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  • In April, the Defense Department recognizes military children in an awareness campaign to make sure the well-being and mental health of the youngest members of our military community are brought to light. The DoD says about the Month of the Military Child that the goal of the campaign is to “highlight the unique challenges of military children. Our goal is to improve their quality of life and help mitigate the demands they experience from all the transitions, such as frequent moves, parental separations for military training, and worrying about their parents when they're deployed.”

    Unique challenges faced by military children

    Unlike kids whose parents are not military, this community of children moves 6 to 9 times on average during their school years. In the past, we’ve written about this particular challenge and have highlighted research that shows that military kids who move frequently are significantly more likely to have mental health issues such as depression or anxiety and that in fact, age is an important predictor of the impact on mental health, i.e., military kids aged 12-17 are four times as likely to need help from a mental health professional as military kids aged 6-11. This makes sense intuitively, as teens are already going through the changes and stresses of puberty. In addition:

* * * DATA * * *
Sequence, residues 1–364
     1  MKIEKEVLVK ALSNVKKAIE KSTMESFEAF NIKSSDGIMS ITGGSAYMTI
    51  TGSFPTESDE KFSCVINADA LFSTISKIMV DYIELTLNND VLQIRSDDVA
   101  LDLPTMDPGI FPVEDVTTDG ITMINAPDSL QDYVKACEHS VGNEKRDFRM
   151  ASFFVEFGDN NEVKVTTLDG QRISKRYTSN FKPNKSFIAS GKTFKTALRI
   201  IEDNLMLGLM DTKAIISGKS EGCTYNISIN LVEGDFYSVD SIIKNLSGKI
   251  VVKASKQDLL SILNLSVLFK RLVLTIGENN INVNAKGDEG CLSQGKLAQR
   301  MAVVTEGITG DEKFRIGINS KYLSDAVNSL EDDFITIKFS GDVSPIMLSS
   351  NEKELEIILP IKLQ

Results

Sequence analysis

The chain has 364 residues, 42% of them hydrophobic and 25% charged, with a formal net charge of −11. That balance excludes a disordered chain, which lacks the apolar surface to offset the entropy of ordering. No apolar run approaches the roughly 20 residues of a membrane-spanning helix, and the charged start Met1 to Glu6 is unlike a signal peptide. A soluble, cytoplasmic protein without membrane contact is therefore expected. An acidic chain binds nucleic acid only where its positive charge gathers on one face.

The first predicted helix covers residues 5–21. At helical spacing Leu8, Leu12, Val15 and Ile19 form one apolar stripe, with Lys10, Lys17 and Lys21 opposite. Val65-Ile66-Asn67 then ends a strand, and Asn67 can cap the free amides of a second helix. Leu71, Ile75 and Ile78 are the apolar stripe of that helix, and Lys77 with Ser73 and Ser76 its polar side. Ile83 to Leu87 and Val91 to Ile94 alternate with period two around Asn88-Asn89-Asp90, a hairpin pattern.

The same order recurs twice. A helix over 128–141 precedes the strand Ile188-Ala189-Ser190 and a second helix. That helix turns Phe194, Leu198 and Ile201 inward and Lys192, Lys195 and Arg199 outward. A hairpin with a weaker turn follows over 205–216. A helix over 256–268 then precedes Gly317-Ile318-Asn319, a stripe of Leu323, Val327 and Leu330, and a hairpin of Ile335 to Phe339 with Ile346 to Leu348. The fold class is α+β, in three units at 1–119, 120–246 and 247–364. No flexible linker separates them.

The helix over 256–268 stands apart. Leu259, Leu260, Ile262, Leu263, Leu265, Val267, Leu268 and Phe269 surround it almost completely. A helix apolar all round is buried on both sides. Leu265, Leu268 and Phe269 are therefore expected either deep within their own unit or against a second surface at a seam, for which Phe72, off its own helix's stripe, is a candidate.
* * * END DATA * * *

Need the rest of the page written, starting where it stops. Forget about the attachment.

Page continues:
• Students involved in sports who move later in the year can miss team tryouts, or the new school may not offer the same athletic programs.
    • Kids who move may feel the loss of having to end close relationships with friends at a previous school.
    • It’s more difficult for kids to gain acceptance in a new school where cliques and social networks are already established.

    In addition to frequent moves, other stressors of military life impact kids. For example, when their parents are deployed, they may miss big milestones such as birthdays, holidays, school and sports events, and graduations. 

    Resources for families

    We’ve written articles in the past about how parents, teachers, and other community members can help monitor military kids for signs of mental health issues. For example, these warning signs should not be ignored:

    • Kids who talk about fears or worry frequently
    • Complain about frequent stomach or headaches with no known medical cause
    • Are in constant motion and cannot sit still 
    • Sleep too much or too little, have frequent nightmares or seem sleepy during the day
    • Are spending more and more time alone, are not interested in playing with other children, or have difficulty making friends
    • Struggle academically or have experienced a recent decline in grades
    • Repeat actions or check things many times out of fear that something bad may happen.
    • Have lost interest in things that they used to enjoy

    As part of publicizing Military Children Awareness Month, the Department of Defense also wants military parents to know that support exists for their kids year-round. For example, at the installation level, there are typically child development centers, youth centers, Military and Family Support Centers, and family life counselors. Off the installations, there is community-partner support for military children through schools and organizations such as 4-H and the Boys and Girls Clubs of America. In addition, the DoD’s militaryonesource.mil website has updated resources and events which are dedicated to the Month of the Military Child.

    A DoD spokesperson said, "I'd like us to remember what military children's lives are like and how unique their challenges are. It's quite incredible when we think about the transitions they go through that most children don't, and our military children are so resilient through it all." 

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